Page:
mathematically as a linear programming problem. Write all of the inequalities and the
objective function together below. This is typically written as a list of constraints, with the
objective function last.

1. x + y >= 60
2. 20x + 120y <= 6460
3. y >= 3x
4. y>=0
5. x>=0
Objective Function: P = 900x + 4500y
6. To solve this problem, you will need to graph the intersection of all five inequalities
on one common XY plane. Do this on the grid below. Have the bottom left be the
origin, with the horizontal axis representing X and the vertical axis representing Y. Label
the axes with what they represent and label your lines as you graph them. Include the
scale on your graph.
7. The shaded region in the above graph is called the feasible region. Any (x, y) point in the region
corresponds to a possible number of radio and TV ads that will meet all the requirements of the
problem. However, the values that will maximize the number of people exposed to the ads will
occur at one of the vertices or corners of the region. Your region should have three corners. Find
the coordinates of these corners by solving the appropriate system of linear equations. Be sure to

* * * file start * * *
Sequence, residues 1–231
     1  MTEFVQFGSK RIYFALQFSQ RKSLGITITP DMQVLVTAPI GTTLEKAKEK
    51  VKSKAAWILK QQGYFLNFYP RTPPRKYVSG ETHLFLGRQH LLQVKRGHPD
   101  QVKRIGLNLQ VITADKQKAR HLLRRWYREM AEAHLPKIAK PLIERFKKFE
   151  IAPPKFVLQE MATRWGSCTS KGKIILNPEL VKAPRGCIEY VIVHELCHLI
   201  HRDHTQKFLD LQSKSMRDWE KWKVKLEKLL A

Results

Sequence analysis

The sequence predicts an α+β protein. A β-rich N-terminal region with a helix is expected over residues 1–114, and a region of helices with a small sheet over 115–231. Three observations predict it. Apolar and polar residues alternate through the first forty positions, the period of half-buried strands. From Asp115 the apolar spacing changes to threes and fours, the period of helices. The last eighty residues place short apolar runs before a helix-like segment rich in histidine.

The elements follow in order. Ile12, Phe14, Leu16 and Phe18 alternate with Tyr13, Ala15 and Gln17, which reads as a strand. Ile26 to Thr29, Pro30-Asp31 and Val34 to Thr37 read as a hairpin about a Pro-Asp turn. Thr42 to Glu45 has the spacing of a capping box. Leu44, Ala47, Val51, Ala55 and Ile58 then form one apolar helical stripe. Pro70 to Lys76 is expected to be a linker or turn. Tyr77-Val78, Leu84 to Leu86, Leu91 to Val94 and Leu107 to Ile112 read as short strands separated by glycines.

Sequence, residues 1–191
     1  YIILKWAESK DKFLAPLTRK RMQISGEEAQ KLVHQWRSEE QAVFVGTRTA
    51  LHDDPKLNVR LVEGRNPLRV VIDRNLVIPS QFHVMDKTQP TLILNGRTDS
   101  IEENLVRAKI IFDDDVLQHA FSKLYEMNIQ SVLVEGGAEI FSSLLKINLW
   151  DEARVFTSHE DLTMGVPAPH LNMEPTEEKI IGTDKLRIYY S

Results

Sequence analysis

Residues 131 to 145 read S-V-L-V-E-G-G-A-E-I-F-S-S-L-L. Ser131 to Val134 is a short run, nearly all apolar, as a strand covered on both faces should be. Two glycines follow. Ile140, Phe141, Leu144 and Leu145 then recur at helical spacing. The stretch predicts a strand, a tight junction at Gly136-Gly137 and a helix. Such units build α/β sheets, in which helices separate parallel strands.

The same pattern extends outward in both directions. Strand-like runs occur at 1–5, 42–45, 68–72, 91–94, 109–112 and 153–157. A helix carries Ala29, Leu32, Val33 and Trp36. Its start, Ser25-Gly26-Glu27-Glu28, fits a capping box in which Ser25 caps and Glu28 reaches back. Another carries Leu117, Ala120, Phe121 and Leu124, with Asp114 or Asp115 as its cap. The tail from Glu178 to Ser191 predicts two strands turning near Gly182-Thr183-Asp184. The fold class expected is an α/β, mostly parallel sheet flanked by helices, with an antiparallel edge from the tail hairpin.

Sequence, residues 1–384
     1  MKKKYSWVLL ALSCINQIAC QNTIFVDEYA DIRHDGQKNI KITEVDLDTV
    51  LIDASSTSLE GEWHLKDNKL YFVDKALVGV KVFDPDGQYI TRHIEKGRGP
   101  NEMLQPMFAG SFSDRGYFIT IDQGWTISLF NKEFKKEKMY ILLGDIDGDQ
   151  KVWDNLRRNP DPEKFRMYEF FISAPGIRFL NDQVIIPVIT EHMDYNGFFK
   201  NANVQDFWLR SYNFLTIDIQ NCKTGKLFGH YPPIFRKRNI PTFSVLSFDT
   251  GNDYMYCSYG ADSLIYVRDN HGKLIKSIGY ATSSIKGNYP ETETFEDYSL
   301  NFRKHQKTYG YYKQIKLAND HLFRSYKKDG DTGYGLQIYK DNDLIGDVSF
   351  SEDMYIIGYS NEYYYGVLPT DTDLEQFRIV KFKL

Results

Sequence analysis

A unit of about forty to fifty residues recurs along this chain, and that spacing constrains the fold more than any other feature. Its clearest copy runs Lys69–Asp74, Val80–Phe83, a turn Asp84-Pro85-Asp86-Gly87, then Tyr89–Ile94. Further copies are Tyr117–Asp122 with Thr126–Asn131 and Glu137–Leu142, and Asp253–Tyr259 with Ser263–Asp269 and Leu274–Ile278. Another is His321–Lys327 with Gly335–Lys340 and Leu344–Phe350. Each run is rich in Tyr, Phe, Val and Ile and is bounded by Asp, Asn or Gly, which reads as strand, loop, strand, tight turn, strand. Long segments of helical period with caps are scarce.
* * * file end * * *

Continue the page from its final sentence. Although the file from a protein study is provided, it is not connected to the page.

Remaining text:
show your work and label the (x, y) coordinates of the corners in your graph.

X Y

1. (7.4 , 52.6)

2. ( 17, 51 )

3. ( 15 , 45 )

*SEE GRAPH AND BELOW.

8. To find which number of radio and TV ads will maximize the number of people who are exposed to
the business advertisements, evaluate the objective function P for each of the vertices you found.
Show your work. One of your vertices is a point which does not have whole number coordinates.
What does this mean in the context of the problem?

1. P = 900(7.4) + 4500(52.6)

6660 + 236,700 = 243,360

2. P = 900(17) + 4500(51)

15300 + 229,500 = 244,800

3. P = 900(15) + 4500(45)

13500 + 202500 = 216,000

It means that it wouldn’t be a full ad possibly a short clip or radio ad, shorter than the normal radio/tv ad.
9. Write a sentence describing how many of each type of advertisement should be purchased and
what is the maximum number of people who will be exposed to the ad.

There would be 17 radio ads and 51 tv ads purchased which would expose 244,800 people to the
ad.

10. Reflective Writing.

Did this project change the way you think about how math can be applied to the real world? Can
you think of another situation where someone must make choices because of a budget? Write at
least one paragraph stating what ideas changed and why. If this project did not change the way
you think, write how this project gave further evidence to support your existing opinion about
applying math. Refer to specific parts of the project when you are writing your reflection.

Yes, this project did change the way I think about math and the real world. When you have a lot
of restraints/things you are looking for, it helps to visualize by writing them down as math
problems, which can then be solved. I think that graphing them was helpful and it gave a visual
representation of the problem. It was cool to use the points on the graph to find out a real live
answer to a problem.